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Mar 24, 2021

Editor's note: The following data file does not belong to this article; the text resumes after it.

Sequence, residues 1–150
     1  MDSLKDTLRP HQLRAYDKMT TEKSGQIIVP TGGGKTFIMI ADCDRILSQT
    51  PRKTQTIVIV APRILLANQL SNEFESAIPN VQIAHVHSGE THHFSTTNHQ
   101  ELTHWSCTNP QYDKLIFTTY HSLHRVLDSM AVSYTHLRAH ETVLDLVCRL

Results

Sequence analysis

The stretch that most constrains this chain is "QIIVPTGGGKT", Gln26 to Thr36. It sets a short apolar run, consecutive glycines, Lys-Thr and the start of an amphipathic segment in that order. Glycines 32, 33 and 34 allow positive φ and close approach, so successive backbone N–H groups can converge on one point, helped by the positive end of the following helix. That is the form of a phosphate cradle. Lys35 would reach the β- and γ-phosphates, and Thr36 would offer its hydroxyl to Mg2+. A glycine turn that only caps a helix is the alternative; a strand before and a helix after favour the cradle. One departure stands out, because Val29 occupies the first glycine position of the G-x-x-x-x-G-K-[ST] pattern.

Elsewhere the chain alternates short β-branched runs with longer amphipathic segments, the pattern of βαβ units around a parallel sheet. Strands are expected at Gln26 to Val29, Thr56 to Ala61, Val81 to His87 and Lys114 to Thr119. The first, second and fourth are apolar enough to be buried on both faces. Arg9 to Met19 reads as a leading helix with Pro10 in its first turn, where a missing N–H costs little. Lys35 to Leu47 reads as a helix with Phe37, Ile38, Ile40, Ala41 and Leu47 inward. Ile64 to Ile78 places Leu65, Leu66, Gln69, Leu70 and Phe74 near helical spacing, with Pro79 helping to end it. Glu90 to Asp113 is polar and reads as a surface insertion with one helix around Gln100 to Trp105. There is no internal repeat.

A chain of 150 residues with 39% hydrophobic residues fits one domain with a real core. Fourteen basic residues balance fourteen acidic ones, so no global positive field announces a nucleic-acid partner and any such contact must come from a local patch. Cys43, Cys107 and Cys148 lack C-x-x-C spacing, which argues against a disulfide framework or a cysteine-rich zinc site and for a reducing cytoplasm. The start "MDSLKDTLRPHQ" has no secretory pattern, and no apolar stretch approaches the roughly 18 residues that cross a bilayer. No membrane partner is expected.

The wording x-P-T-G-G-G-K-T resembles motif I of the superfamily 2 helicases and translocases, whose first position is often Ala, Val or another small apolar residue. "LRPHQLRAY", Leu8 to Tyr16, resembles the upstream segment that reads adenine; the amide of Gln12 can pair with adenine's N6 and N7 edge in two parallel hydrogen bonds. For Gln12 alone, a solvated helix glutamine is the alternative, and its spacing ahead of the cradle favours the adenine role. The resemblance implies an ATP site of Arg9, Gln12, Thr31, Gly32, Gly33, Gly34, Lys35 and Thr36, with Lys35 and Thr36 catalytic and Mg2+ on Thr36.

3/5 Warlight is a story that takes place in post-WW2, 1945 United Kingdom. Nathaniel is a 14-year-old boy who is left with his sister, Rachel to live with a strange man named ‘The Moth’ after both parents leave them to go to Singapore for a year. The Moth would invite people into their house including a man nicknamed the Darter. Nathaniel learns that the Darter illegally imports Greyhounds into England that are used for the primary purpose of hound racing and he decides to help him during the summer months. Flash forward to 1959, Nathaniel is accepted by the Foreign and Commonwealth Office in the U.K to participate in the censorship of post-WW2 espionage missions so that they are not released to the public, known as the Silent Correction. He takes the job so he could discover more about who his mother was. He learns about what his mother did during the Cold War as well as learn more about who the Darter really is and what he did. What I liked about the book was the relationship that Nathaniel and the Darter had when Nathaniel was working with him. The Darter told him stories about his adventures ferrying dogs from France across the English Channel into the U.K. Nathaniel learning about his mother’s past was also interesting and makes you think why she would risk her life to save her children. As well as why did Nathaniel not spend time with his sister after he got back from the U.S from boarding school, considering he knew about her career in theatre and could have visited anytime, making you believe that he cared more about learning of the past instead of focusing on the present. The major problem I found with the book was that the structure of the plot was set up in a strange way that was hard to follow, jumping from one point to another too quickly for myself to follow, making it very distracting and hard to comprehend what was happening at times. It is recommended to read the book in a small-time frame to fully grasp everything that is happening. Warlight is a book that delves into how people lived and thought after the end of the Second World War. A time full of censorship and questioning about why things happen but never fully getting the answers you want. About how war can tear a family apart, even after the war is over. If you enjoy learning about the motives of why censorship happens and how it impacts people’s lives, then this would be a good book. Otherwise, if you are a slower reader and need more time to interpret the messages of a book, Warlight may not have been my favourite book, but if you enjoy learning about motivations behind why people do what they do, it is a fairly good book to read.